A long time ago, in a classroom not so far away, a teacher stood at the chalkboard and taught. Fast forward to a school today, and you might find kids tapping away on laptops, recording oral histories on tablets or learning math problems via YouTube.
Harnessing technology in the classroom has created what are called “blended” learning environments — a combination of teacher instruction and online learning. Research by the National Education Policy Center shows that this mix of tech and old-school teaching has achieved only modest test gains, though the effectiveness of blended learning is hard to measure because it comes in many shapes and sizes and differs from school to school. Proponents say this emerging educational strategy achieves results a test score can’t measure.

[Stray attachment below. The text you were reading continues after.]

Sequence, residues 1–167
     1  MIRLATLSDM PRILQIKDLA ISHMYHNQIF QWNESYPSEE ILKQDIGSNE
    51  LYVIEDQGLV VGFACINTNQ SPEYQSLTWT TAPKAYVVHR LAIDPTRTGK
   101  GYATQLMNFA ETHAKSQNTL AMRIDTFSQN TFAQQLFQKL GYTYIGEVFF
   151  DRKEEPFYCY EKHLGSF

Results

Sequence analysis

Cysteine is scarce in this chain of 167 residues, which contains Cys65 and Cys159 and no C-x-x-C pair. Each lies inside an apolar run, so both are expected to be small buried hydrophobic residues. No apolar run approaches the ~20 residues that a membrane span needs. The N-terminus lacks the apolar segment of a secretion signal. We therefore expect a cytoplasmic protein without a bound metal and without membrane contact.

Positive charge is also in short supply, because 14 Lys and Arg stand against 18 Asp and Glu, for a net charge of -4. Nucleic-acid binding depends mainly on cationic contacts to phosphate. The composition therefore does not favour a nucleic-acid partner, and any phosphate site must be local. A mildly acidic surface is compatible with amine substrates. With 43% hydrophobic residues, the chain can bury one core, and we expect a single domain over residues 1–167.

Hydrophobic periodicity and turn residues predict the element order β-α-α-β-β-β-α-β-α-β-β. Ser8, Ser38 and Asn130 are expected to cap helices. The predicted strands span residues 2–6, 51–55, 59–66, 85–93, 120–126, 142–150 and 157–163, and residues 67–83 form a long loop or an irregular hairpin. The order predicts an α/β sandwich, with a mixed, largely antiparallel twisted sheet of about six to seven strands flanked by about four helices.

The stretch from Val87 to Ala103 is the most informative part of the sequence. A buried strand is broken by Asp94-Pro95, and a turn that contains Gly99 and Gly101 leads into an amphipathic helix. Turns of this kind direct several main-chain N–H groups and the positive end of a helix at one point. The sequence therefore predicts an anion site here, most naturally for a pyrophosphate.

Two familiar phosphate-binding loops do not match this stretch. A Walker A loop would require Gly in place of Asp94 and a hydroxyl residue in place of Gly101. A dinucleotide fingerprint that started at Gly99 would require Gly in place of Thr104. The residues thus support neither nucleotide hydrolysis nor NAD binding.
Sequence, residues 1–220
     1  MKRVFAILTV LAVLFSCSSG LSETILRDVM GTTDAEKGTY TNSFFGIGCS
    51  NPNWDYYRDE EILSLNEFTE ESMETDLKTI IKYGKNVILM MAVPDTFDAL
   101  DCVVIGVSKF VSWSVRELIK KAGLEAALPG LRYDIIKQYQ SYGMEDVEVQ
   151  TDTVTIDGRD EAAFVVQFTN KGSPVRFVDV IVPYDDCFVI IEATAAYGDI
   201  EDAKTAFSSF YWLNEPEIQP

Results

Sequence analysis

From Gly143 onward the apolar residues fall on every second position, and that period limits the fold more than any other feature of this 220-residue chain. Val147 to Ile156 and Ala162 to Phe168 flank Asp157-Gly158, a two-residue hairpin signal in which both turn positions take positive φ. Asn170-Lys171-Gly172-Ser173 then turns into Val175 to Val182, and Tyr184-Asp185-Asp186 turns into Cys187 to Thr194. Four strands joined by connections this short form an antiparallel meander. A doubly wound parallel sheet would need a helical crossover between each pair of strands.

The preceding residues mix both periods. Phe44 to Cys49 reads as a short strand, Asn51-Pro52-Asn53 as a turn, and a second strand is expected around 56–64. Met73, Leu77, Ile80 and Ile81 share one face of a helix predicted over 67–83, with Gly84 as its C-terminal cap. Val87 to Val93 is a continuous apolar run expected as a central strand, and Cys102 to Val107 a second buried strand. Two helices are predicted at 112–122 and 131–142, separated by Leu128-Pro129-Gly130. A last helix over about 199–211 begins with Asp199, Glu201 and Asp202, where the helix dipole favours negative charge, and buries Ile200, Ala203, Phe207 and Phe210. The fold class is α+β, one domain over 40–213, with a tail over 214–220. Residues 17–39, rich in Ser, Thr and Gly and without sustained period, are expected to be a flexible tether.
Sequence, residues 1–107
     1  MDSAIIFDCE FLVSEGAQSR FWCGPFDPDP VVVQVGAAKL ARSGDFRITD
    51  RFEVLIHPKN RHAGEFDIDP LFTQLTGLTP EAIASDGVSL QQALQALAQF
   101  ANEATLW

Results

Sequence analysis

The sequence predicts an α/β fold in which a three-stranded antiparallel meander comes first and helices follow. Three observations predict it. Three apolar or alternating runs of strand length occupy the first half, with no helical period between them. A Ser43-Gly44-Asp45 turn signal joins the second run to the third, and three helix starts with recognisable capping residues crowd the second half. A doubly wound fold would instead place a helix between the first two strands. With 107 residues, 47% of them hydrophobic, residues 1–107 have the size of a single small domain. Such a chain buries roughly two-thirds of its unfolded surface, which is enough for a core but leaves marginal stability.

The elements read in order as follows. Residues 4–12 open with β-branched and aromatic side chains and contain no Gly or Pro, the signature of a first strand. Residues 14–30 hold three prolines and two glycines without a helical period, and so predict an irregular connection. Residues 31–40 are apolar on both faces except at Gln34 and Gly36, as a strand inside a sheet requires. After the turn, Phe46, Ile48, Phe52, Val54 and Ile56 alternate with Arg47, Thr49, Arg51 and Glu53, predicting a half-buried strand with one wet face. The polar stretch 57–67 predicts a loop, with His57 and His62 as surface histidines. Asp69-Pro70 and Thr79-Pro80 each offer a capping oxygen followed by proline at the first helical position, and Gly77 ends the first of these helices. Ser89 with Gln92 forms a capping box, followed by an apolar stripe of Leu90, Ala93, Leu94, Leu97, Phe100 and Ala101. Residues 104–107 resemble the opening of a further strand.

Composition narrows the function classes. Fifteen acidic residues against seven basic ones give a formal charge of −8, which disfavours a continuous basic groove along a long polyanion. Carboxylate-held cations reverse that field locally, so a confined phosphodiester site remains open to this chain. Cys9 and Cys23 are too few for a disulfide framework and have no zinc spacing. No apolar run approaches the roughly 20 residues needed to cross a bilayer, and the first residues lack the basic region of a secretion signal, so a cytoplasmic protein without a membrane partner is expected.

In Miami-Dade and Broward county public schools, blended learning is at an experimental stage. Administrators say students are more motivated by technology, but it’s too early to measure success on a spreadsheet. “It's not quantifiable for us in Broward yet,” said Guy Barmoha, director of math, science and gifted for Broward County Public Schools. “It’s only our third year of D-5 (a one-to-one laptop program for fifth-graders). I am very apprehensive about making any predictions about scores after one or two years.”
But he feels like it’s a step in the right direction.
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“Everyday life is a blended environment. You don't do everything face to face,” he said. “You do things online, at your own pace. If we don't give students the same type of situation in their learning environment right now, we're doing them a disservice.”
In Miami, Lisa Hauser has taught in both a traditional high school and at Florida Virtual School. Now she teaches at iPreparatory Academy, known as iPrep, a Miami-Dade County Public Schools magnet school. At iPrep, students use school-issued laptops and a blend of online lessons in a technology-rich environment.